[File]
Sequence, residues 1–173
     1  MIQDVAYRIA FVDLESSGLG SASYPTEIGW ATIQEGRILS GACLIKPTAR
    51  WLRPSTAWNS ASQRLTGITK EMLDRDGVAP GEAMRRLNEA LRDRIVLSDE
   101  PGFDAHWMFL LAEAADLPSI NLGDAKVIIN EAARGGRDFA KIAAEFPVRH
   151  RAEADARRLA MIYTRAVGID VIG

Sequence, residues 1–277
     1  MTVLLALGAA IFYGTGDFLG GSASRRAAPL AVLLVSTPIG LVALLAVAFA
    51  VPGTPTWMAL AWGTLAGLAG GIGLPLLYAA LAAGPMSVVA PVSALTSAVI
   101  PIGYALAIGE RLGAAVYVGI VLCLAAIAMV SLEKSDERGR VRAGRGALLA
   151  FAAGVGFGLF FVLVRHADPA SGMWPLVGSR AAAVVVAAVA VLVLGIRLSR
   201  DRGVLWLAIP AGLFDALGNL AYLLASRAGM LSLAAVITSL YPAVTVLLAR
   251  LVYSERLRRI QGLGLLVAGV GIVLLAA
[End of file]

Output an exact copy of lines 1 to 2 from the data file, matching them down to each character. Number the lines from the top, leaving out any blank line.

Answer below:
Sequence, residues 1–173
     1  MIQDVAYRIA FVDLESSGLG SASYPTEIGW ATIQEGRILS GACLIKPTAR